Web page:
Tracing Healthgoth's Roots To Chicago: An Interview With Johnny Love
By Robert Martin in Arts & Entertainment on Jan 6, 2015 8:00PM
Johnny Love (center with backwards baseball hat) poses with fellow Healthgoth aficionados, photo via Healthgoth
If the internet’s first instinct is to dissect every pixelated piece of subculture that surfaces on Tumblr, its second is to engage in an endless debate about who found it first. Who is “authentic” and who is not. Who is an artist and who is trying to make a quick buck.
This is certainly the case with Healthgoth.
The visual aesthetic/lifestyle/meme broke into the mainstream last month after The New York Times plucked it from the deepest depths of the blogosphere. Their article discussed how pale introverts from far and wide were dressing in all black to work out and snap photos of themselves—reveling in their brash opposition to meathead gym rats. The piece gave readers a sampling of health goth before concluding that the trend and its merchandise will come and go like so many others before it.
Chicago’s own Johnny Love (born John Dal Santo) is a Healthgoth.
Feeling fat at 30, the South Side native started working out and eating better about a year ago. A DJ and professional party thrower, Love felt safer in the liquor soaked surroundings of clubs like Exit than the weight room. Dressed in all black, he spent six months conquering his fear of beefcake bros and lost over 20 pounds in the process. Now, he continues to work out on a daily basis.
“It’s a fitness movement,” Love said. “A way for people who don’t feel comfortable at the gym or who are intimidated at the concept of exercising to ease into it.”
Love took Healthgoth and ran with it, inviting club friends and fellow artists to join him in his quest to “look like a greek god.”
After we spent an hour lifting weights with Love and his band of Healthgoth buddies at a Lincoln Square fitness center, it was obvious that the movement goes beyond social media sharing and t-shirt sales.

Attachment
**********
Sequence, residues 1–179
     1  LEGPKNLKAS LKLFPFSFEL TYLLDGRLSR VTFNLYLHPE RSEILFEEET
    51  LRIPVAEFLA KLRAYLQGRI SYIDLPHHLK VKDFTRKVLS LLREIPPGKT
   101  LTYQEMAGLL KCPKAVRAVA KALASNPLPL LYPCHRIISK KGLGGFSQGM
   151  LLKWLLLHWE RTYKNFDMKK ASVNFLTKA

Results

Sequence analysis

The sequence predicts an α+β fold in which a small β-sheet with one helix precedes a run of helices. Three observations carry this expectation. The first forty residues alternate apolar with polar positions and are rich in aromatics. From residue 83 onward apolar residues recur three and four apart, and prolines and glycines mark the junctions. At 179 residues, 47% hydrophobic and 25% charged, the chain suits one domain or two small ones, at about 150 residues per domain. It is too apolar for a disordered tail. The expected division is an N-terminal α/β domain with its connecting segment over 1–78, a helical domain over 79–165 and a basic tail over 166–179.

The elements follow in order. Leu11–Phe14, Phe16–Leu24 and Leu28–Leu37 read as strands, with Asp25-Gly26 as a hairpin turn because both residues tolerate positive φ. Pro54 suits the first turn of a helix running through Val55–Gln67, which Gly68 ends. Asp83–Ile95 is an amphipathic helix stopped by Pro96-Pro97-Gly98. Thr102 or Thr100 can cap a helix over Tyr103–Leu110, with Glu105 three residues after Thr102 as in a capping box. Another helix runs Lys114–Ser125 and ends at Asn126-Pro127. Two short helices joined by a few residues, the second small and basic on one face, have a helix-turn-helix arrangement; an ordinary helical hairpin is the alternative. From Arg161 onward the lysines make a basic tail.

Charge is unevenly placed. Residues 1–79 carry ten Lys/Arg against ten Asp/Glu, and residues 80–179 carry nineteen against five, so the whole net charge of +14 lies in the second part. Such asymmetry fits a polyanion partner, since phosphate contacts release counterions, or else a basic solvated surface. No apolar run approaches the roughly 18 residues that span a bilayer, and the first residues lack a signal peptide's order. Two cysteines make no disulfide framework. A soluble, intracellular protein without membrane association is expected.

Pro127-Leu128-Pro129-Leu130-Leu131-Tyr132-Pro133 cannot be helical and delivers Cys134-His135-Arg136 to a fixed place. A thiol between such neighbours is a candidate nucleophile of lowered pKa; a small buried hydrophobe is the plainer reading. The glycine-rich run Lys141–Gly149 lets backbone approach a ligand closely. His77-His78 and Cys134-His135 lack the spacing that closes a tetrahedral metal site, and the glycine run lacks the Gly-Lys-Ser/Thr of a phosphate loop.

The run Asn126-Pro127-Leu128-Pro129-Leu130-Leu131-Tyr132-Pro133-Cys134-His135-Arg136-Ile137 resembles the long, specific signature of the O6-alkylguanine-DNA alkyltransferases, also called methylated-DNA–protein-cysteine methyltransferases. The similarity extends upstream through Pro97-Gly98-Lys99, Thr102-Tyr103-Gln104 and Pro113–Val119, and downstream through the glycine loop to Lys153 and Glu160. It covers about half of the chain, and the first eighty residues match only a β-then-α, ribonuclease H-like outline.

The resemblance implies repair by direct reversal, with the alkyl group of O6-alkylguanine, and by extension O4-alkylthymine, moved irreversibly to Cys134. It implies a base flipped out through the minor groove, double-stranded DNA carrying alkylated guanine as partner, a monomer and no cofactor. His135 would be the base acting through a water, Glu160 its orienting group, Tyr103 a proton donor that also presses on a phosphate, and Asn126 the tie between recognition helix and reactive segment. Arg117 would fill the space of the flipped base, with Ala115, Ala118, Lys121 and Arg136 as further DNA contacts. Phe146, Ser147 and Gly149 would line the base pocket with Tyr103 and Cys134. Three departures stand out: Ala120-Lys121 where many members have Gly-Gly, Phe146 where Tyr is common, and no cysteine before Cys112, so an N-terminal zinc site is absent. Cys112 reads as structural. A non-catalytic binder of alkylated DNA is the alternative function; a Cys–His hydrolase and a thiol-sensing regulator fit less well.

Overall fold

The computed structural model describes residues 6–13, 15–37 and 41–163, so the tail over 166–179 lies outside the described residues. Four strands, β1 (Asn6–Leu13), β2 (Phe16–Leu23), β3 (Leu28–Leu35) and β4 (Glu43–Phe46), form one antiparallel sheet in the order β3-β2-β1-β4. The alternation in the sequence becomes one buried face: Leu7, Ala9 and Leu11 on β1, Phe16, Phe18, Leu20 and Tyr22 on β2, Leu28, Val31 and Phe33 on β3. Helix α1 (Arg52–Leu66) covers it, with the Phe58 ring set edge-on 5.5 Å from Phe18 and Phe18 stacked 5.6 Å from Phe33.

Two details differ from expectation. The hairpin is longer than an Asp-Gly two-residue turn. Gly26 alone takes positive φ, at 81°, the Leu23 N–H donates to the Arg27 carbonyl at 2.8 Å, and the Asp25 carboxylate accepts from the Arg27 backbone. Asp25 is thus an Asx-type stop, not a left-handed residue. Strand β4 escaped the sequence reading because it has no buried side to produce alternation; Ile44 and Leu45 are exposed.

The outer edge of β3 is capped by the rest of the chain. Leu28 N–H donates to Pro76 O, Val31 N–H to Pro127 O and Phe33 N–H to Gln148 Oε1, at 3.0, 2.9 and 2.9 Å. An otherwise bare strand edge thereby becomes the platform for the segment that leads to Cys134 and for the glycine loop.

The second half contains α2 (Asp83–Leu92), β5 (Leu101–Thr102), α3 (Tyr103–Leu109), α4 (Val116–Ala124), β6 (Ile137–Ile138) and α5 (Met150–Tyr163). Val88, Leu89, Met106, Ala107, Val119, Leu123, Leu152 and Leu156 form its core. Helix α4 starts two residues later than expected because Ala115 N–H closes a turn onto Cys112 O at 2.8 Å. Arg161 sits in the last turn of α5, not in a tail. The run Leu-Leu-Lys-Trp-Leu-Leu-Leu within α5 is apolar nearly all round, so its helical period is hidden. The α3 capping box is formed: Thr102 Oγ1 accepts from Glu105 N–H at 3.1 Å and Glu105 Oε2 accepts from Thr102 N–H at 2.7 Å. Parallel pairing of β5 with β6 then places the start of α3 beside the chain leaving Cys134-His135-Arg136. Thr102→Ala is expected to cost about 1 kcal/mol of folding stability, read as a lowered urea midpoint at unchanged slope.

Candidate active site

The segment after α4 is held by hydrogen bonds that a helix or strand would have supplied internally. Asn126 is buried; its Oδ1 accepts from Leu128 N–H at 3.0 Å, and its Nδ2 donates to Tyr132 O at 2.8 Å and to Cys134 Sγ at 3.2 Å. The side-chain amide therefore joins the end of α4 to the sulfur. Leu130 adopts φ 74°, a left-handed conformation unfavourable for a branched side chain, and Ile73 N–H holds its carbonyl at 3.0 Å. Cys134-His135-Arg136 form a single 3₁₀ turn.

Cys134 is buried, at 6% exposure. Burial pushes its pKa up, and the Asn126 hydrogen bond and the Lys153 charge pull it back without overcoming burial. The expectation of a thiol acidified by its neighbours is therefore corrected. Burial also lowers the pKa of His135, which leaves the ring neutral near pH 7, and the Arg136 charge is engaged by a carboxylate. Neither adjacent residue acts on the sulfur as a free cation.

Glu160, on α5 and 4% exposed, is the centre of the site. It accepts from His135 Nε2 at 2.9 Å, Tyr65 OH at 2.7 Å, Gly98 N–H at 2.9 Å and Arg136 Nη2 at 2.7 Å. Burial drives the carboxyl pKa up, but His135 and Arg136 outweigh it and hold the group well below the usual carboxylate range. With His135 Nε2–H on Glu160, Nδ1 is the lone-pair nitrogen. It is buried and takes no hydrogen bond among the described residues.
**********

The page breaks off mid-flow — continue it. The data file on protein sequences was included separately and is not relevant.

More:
The group has a genuine passion for exercising and taking care of themselves. Over the course of ten different lifts and a lively discussion of how to get buff, Love doesn’t mention “Healthgoth.” He is just working out. The website and merchandise are side-effects of a larger ideal.
“People who do it don’t need my co-sign to be considered part of it, I’m not the pope of Healthgoth,” Love said.
Love in mid-work-out, photo by Robert Martin
The self-proclaimed “creator of Healthgoth” says he is largely self taught—reading up on a flurry of online fitness literature before he ever stepped foot in a gym. He discusses the benefits of each individual lift while demonstrating proper technique as the group works its way through the free weights area.
Back online, Love’s take on Healthgoth is a divisive one. An unaffiliated “Health Goth” Facebook group has over 20,000 members that post up dozens of unusual images of the dark and futuristic. The page approaches the term not as a fitness movement but as a bizarre visual aesthetic, grabbing photos from Tumblr that straddle a strange line between streetwear, 3-D art and robotics. The group says The New York Times got it wrong and accuse Love of shamelessly stealing their concept for his own gain before going on to flame journalism as a whole.
Similar cries for cultural authenticity were heard in 2011 when kids started dying their hair green and calling themselves sea punks.
The 31-year-old takes the criticism in stride. It’s clear he wants his vision to be more than a trend piece for the the internet to chew up and spit out. Johnny Love doesn’t care who created Healthgoth, he’s concerned with giving it meaning as a subculture. A level of credibility that a Facebook group could ever achieve. While anyone can post a photo of themselves wearing black fitness gear, that doesn’t make them part of something greater.
For Love, Healthgoth is not a fleeting piece of social media. It’s self improvement. It’s a willingness to stay healthy despite partying all the time. It’s his life.